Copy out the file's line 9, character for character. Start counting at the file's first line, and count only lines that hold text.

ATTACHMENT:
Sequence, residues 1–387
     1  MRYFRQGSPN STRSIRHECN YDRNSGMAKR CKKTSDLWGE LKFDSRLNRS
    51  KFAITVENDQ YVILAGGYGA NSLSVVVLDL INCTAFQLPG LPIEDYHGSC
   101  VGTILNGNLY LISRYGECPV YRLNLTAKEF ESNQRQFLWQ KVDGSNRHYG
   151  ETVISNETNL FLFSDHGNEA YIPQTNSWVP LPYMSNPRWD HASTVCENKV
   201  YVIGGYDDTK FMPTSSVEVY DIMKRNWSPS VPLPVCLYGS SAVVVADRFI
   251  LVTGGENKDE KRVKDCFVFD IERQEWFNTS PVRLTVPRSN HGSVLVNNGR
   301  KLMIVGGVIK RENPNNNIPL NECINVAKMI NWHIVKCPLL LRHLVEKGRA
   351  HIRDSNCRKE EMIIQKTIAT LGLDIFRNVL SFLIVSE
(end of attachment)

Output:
   351  HIRDSNCRKE EMIIQKTIAT LGLDIFRNVL SFLIVSE